In this appeal appellant contends that his trial counsel was ineffective; and, therefore he is entitled to a new trial. Before consideration of the merits of appellant's ineffective assistance of counsel claim we must first determine if such issue is properly before our court. In Commonwealth v. Dancer, 460 Pa. 95, 331 A.2d 435 (1975) our Supreme Court held that Dancer's failure to raise his ineffective assistance of counsel claim on direct appeal created "a rebuttable presumption that the failure was 'knowing and understanding' and that therefore the issue was waived." 460 Pa. at 100, 331 A.2d at 437. Dancer, however, was represented on his direct appeal by counsel other than his trial counsel and, therefore, had the opportunity to raise his trial counsel's ineffectiveness on direct appeal. In the instant case appellant decided not to take a direct appeal, on the advice of his trial counsel. As was stated in Dancer, supra at 100, 331 A.2d at 438, "it is unrealistic to expect trial counsel on direct appeal to argue his own ineffectiveness." Accordingly, now that appellant has different counsel, this is the first opportunity for him to raise his

[ 240 Pa. Super. Page 60]

    trial counsel's ineffectiveness. Therefore, he is permitted to do so at this time. Commonwealth v. Lewis, 463 Pa. 180, 182, 344 A.2d 483, 484 (1975).

First, appellant contends that his trial counsel acted incompetently in failing to file, prior to trial, a motion to suppress physical evidence confiscated from him when he was arrested. While it is true that pre-trial motions were not filed, the suppression of physical evidence issue was argued by trial counsel in an oral motion to suppress at the conclusion of the Commonwealth's case, when the Commonwealth moved for admission into evidence of the physical evidence in question. The trial judge, after consideration of the argument and the evidence which had already been introduced at the trial, denied the motion. No advantage would have been gained by arguing the motion prior to trial.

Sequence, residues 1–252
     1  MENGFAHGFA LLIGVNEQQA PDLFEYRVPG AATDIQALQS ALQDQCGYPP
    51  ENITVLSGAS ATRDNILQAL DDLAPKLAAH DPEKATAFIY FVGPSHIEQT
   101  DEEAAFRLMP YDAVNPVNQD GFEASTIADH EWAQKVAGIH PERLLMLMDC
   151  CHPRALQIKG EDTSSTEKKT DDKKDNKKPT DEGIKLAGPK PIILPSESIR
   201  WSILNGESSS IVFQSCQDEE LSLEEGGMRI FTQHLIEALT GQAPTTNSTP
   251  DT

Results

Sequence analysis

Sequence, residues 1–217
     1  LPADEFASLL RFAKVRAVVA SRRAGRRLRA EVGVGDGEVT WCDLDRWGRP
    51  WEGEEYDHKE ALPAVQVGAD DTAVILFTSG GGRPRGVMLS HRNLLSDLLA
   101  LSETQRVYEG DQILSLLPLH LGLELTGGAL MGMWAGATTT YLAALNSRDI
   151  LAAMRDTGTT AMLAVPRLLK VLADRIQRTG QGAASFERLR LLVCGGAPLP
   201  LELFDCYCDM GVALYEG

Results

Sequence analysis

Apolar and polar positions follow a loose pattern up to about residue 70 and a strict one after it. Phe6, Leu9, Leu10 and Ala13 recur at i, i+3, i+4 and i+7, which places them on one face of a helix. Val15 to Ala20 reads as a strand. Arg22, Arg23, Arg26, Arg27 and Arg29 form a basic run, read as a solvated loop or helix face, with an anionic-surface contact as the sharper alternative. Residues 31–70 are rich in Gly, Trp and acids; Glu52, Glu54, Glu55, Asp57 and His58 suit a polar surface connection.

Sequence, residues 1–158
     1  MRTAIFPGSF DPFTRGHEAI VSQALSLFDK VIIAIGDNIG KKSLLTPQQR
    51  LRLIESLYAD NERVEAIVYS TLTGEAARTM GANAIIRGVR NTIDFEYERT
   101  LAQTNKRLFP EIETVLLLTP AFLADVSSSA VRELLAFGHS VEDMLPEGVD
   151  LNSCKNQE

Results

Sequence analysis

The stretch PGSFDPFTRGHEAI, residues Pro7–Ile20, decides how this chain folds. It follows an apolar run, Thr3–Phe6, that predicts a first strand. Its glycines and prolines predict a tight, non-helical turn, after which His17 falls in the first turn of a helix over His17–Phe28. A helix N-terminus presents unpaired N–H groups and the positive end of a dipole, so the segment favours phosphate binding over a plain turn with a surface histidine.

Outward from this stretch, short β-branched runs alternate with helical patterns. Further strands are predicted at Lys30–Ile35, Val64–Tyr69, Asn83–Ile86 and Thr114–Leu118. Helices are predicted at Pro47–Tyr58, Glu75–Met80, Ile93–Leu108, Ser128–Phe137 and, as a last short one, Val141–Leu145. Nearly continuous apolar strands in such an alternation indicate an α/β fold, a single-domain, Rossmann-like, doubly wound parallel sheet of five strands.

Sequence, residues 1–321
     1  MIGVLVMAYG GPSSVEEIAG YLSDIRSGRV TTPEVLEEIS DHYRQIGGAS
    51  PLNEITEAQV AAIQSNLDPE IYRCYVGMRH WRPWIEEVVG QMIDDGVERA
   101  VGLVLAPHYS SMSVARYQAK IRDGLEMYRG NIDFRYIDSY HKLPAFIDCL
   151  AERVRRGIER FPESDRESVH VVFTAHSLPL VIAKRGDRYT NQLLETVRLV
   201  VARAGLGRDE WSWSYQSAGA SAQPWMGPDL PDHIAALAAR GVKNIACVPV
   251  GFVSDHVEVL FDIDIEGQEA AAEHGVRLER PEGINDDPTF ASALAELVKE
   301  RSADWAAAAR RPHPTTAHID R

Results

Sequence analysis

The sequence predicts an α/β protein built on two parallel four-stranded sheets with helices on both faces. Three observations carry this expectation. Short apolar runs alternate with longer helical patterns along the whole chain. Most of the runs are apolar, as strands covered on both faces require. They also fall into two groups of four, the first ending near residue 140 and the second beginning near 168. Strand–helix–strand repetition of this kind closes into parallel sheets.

Appellant further claims, in relation to the suppression of physical evidence issue, that his trial counsel argued the oral motion to suppress in a "slipshod" manner. We need not address the manner in which trial counsel argued the motion, since the motion clearly lacked merit and could not have been properly sustained, regardless of how it may have been argued. The substance of appellant's argument is that he was arrested without probable cause and, accordingly, the subsequent search was improper. Appellant contends, citing Betrand Appeal, 451 Pa. 381, 386 (1973), that probable cause did not exist because a tip from an anonymous informer, standing alone, is insufficient to establish probable cause. We would accept appellant's contention if the facts established that the anonymous informant's tip was the only information on which the arrest was based; but, in the instant case there is more. After the victim had given the details of the robbery to the police, the anonymous informer stated that he saw the suspects leave the victim's home and enter a nearby house located at 2105 North Third Street. The tip also gave a description of the men and stated that the men were pulling a baby's

[ 240 Pa. Super. Page 61]